[*¹ See, for example, Ven. Thich Nhat Hanh, “The Practice of Prayer”
in The Mindfulness Bell, No. 17 (Summer 1996), pp. 1–6.
]

given an impression of Buddhism, and especially of Zen, as being atheistic and even nihilistic. Such an impression, however, is an oversimplification and a distortion of the secular approach, which, like the religious approach, is actually attempting to point to something that is beyond the opposites of theism and atheism, eternalism and nihilism. Rev. Master Jiyu lived a Zen that was of the religious sort, and wished both to introduce this possibility to her listeners and to provide them with an antidote to the atheist-nihilist impression, so that they might have a better chance to move beyond the opposites. But what words to use to describe That which is really beyond words? Since she was speaking to an introductory audience, she chose familiar words, religious words. In so doing, she was, in effect, saying, “Don’t be afraid of religion; you can get beyond the opposites within a religious context. Maybe you have been disappointed by the limitations of religion up to now, but those limitations are imposed by us on ourselves; they are not inherent in religious training: religion can free you.” Since Westerners’ backgrounds are in the Judeo-Christian-Islamic family of religions, our religious words will have a flavor of those traditions, and thus so did Rev. Master’s words when introducing people to Zen. She also was not trying to convert her audiences to Buddhism: her sole desire was that they should be successful in the religion of their choice, whatever it might be. To this end she would speak at times of ways in which Soto Zen practice could assist in the religious endeavors of other faiths to “find God”. For the reasons mentioned above, when speaking of the ultimate things of Buddhism, Rev. Master Jiyu would often use words like “God”, “the Eternal”, or “the Lord of the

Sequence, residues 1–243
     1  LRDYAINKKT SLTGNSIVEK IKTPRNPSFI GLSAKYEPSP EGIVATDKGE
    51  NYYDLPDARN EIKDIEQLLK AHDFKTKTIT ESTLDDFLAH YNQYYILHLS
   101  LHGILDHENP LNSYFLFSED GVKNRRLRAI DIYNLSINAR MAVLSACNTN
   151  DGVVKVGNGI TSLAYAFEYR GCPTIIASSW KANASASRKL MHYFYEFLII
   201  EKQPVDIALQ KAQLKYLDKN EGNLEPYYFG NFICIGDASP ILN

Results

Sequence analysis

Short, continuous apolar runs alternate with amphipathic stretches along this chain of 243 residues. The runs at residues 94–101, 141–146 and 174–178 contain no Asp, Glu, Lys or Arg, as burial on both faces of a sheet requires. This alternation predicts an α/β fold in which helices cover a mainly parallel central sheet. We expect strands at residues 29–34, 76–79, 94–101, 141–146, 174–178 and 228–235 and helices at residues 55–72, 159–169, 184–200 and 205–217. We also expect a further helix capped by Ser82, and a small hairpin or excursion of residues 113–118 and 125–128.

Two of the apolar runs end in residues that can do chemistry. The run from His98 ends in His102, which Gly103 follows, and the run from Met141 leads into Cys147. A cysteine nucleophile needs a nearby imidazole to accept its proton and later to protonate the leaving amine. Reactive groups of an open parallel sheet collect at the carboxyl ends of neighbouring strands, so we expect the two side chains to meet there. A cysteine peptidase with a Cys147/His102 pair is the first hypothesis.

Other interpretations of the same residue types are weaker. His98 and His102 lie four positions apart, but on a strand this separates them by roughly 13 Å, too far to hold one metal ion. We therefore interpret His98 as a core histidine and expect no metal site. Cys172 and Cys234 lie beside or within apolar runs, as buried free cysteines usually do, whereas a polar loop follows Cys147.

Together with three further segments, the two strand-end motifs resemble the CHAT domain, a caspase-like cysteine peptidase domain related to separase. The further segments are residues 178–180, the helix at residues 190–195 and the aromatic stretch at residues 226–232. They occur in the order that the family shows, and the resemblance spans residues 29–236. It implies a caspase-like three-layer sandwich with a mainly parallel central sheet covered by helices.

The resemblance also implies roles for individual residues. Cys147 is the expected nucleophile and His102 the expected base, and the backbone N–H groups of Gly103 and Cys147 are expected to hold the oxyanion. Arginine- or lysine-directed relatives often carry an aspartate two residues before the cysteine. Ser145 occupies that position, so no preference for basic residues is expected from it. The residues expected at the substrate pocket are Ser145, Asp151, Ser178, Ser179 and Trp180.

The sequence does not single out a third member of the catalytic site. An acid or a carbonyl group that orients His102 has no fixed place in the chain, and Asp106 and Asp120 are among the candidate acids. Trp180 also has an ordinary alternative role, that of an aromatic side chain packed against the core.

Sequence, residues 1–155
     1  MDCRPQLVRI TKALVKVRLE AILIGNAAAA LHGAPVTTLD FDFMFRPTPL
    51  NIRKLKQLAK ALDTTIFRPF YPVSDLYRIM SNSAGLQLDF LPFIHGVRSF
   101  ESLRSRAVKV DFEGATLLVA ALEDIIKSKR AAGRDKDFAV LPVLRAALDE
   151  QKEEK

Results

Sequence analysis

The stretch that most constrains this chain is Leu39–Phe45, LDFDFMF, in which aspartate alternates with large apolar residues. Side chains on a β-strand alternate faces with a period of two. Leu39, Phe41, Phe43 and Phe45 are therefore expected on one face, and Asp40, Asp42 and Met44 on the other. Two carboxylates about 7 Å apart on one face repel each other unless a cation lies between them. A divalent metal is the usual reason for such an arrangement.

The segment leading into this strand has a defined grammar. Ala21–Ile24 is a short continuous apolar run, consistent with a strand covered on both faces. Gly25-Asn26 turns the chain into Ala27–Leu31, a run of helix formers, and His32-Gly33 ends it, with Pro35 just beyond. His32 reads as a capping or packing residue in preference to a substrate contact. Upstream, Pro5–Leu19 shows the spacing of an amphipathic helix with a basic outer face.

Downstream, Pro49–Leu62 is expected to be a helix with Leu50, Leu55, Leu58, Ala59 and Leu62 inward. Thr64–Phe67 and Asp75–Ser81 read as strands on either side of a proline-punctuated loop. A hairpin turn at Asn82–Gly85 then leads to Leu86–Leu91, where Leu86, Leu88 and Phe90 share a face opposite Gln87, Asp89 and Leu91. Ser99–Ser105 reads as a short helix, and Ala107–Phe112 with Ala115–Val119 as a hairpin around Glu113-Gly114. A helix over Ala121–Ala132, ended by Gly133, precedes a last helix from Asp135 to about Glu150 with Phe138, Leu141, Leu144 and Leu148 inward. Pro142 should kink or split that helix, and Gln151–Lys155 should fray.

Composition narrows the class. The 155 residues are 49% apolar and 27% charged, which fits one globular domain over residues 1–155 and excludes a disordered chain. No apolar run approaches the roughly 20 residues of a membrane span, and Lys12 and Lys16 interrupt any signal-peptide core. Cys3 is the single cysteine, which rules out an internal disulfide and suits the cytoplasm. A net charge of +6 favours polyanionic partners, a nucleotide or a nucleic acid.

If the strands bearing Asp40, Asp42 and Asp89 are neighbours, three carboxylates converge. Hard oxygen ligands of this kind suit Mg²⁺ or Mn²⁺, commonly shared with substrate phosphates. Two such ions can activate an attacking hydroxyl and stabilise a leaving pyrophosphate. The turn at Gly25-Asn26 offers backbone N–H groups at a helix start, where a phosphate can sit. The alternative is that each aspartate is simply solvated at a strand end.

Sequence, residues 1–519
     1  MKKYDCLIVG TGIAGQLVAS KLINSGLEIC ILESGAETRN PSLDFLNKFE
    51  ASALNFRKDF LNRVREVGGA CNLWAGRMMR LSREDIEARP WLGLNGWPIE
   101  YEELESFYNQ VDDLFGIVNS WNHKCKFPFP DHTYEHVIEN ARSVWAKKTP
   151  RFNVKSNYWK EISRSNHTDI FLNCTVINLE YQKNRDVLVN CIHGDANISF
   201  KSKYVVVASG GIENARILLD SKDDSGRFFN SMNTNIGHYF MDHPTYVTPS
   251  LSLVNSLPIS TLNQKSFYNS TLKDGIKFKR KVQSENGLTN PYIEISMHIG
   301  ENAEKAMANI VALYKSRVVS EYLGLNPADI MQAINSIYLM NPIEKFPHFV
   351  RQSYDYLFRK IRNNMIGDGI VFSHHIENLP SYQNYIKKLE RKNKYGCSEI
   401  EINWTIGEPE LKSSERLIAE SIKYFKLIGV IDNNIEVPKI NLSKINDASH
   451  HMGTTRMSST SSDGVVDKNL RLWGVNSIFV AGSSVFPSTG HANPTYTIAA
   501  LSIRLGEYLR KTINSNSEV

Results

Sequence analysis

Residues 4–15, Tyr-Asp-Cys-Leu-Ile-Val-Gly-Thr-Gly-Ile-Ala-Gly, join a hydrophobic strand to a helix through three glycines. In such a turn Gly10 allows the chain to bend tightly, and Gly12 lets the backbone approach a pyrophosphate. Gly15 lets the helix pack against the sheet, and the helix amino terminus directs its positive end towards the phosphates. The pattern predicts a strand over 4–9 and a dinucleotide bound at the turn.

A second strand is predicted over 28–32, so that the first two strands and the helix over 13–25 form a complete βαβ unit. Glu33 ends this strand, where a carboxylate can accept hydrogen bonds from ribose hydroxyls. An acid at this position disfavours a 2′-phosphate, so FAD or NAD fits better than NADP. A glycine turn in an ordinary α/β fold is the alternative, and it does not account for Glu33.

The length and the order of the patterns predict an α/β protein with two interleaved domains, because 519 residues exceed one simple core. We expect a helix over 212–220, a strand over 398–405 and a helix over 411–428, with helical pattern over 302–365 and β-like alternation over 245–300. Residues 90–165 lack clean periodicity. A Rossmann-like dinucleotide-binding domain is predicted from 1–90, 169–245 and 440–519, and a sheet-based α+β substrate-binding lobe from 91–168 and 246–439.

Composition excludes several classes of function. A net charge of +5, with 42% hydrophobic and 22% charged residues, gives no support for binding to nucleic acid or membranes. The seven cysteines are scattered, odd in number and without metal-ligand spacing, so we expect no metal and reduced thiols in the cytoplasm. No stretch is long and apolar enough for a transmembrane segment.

House”, and she would sometimes use such terms in a very personal and familiar way: that does not mean she was an eternalist or a theist. This is somewhat parallel to what Shakyamuni Buddha Himself did in using terms like “the soul” when explaining His Way in common speech; while such usages have sometimes caused confusion over the centuries, they surely do not mean that He was contradicting His own teachings.*² At other times she would use terms like “That Which Is”, “the Unborn”, or “the Immaculacy of Emptiness”; that does not mean she was a nihilist or an atheist. A full discussion of the linguistic and Buddhological complexities of speaking about ultimate things would require a scholarly treatise well beyond the scope of this introduction (and of this editor). Suffice it to say, then, that more is going on in Rev. Master Jiyu-Kennett’s approach to this area than meets the eye: she is trying at once to introduce the religious approach to Zen, correct a common misperception, help people to get beyond the opposites, speak of what cannot really be spoken of, and, above all, let people know that they need not be frightened of religion. As to whether Buddhist scholars would criticize her for the possible doctrinal implications of all this (or of any other aspect of her talks), she frankly didn’t give a darn. Indeed, I can almost hear her now, saying what she repeated to me so often, “Daizui, stop being afraid of words and get on with your training!”